Monsters after the holidays: AMD Threadripper 2990WX 32-Core and 2950X 16-Core (Part 5)
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Thermal comparisons and XFR2: Do not forget to remove the plastic from the cooler!

Each machine pursues goals with different priorities: performance, consumption, noise, thermal performance, or cost. It is very difficult to reach everyone at once, so the choice of two or three goals is a good idea. How to lose in ALL FIVE DIRECTIONS? .. Welcome to my world. The world in which I first tested the 32-core AMD Ryzen Threadripper 2990WX, forgetting to remove the plastic from my liquid cooler.

Do not assemble the system after a long flight.

Almost all new coolers, air, liquid and water blocks, come complete with gaskets, foam, screws, fans and a set of instructions. Depending on the manufacturer and type of packaging, the lower part of the processor cooler will be prepared in two ways:

  1. Pre-applied thermal grease
  2. Small self-adhesive plastic tape to protect polishing during transport

Meet in our review a massive air cooler Wraith Ripper, produced by Cooler Master, but promoted by AMD as the base cooler for the new Threadripper 2 processors. Thermal grease is thickly applied on all its bases. When I tried to take photos, I misled.

Also included in our review is the Enermax Liqtech TR4 liquid cooler with a tube of thermal paste. The lower part of the unit, in contact with the CPU, was covered with protective self-adhesive plastic tape.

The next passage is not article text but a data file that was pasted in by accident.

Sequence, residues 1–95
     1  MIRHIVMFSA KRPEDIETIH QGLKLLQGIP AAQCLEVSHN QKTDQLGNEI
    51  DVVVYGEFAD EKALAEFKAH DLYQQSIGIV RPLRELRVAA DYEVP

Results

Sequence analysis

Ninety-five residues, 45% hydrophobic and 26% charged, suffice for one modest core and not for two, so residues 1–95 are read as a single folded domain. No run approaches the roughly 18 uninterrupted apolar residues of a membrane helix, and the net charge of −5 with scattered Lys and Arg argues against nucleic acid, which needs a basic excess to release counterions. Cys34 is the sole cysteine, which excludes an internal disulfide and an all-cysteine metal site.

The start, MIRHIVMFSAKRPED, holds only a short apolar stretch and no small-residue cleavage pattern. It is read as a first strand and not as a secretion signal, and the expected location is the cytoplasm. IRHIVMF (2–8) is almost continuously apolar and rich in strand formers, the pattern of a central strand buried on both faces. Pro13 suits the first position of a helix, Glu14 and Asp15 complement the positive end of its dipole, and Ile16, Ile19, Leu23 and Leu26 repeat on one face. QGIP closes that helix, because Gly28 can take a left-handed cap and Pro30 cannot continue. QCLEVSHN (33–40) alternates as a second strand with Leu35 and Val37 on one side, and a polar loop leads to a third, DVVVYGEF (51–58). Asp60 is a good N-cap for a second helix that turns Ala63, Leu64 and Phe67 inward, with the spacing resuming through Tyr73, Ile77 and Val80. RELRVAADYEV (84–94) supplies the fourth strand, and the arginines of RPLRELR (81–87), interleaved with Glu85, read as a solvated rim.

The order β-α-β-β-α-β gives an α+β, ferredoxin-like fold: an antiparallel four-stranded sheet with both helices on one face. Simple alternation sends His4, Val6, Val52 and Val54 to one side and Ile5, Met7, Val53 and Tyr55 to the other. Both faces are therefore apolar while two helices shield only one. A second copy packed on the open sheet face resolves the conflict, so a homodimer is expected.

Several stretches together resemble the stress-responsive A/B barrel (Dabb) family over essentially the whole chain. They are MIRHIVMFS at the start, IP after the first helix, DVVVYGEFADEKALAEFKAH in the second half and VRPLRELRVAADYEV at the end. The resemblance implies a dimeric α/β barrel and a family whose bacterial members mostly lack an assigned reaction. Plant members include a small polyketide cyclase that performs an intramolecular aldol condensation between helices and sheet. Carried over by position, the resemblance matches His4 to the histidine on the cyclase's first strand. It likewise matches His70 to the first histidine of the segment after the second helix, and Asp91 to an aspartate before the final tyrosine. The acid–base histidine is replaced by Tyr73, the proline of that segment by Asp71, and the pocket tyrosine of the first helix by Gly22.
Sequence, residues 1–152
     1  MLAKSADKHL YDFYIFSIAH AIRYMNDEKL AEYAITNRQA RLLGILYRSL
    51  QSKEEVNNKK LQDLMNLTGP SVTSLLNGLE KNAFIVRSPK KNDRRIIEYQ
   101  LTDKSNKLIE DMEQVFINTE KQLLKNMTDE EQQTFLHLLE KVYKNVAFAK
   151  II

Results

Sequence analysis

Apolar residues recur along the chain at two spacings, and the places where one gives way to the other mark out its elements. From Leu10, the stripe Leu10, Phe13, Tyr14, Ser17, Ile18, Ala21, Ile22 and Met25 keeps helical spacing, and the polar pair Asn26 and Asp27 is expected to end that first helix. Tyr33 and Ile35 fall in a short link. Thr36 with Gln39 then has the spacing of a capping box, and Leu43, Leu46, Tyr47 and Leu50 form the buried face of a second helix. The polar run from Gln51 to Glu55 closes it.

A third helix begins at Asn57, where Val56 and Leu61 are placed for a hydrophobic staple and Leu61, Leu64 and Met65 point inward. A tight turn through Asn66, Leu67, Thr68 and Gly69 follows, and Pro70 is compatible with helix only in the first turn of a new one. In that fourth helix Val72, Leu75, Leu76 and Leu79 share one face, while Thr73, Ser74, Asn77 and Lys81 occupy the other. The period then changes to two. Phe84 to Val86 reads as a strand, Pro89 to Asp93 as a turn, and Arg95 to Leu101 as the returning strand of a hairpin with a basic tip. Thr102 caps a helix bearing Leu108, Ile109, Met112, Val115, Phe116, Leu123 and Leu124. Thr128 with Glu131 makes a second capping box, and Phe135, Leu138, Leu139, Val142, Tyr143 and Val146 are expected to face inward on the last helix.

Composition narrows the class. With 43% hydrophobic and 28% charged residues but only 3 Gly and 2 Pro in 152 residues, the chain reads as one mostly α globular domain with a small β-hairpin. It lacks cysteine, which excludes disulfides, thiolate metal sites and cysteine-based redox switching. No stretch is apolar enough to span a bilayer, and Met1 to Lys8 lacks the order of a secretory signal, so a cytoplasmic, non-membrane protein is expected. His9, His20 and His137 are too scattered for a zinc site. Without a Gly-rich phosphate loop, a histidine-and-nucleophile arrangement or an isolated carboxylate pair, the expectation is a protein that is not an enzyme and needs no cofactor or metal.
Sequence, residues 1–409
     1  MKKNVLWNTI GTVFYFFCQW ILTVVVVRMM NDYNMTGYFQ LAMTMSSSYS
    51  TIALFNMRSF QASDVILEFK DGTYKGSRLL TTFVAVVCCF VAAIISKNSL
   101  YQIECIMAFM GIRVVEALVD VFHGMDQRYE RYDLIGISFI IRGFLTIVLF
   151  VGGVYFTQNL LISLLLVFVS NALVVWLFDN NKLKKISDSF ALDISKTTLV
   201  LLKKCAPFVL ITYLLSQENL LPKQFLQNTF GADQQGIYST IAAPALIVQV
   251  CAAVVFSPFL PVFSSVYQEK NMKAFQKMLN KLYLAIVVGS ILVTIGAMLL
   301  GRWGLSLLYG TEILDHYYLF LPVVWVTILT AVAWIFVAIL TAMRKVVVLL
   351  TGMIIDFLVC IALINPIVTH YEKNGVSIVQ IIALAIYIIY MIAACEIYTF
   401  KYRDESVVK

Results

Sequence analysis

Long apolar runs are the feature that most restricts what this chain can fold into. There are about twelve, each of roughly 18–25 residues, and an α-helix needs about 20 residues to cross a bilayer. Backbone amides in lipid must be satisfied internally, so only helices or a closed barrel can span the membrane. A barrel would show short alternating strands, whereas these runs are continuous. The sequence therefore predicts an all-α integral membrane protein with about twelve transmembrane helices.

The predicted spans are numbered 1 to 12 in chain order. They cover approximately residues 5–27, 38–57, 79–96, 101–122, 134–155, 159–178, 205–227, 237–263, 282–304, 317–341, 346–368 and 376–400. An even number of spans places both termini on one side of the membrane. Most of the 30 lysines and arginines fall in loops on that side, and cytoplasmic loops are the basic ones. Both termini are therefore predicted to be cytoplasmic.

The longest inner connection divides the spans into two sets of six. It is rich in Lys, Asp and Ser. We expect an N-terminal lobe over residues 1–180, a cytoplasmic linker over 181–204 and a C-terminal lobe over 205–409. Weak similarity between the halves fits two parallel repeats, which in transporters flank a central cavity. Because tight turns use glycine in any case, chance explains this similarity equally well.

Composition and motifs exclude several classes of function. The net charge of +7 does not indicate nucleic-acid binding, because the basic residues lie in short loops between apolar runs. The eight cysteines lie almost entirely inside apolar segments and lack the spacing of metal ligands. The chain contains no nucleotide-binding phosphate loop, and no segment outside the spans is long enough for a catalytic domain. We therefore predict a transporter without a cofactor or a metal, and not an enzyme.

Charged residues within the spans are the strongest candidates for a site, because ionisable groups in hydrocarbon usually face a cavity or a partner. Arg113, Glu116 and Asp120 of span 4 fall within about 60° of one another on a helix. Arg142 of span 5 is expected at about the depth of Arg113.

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So, the time of confession. Our review kit arrived a day earlier than me. The action took place during my journey from the UK to San Francisco at the Flash Memory Summit and Intel Datacenter Summit. In my suitcases, I brought an X399 motherboard (ASUS ROG Zenith), three X399 chips (2990WX, 2950X, 1950X), an X299 motherboard (ASRock X299 OC Formula), several Skylake-X chips, a Corsair AX860i power supply, RX 460, a mouse , keyboard, cables - simply components to assemble two systems and use the monitor in a hotel room for testing. After an 11-hour direct flight, two hours on passport control, and more than an hour in a Uber taxi to my hotel, I put together a system with 2990WX.

I did not remove the plastic on the Enermax cooler. I did not notice this. I even applied thermal paste to the processor and did not suspect anything, even when I tightened the screws.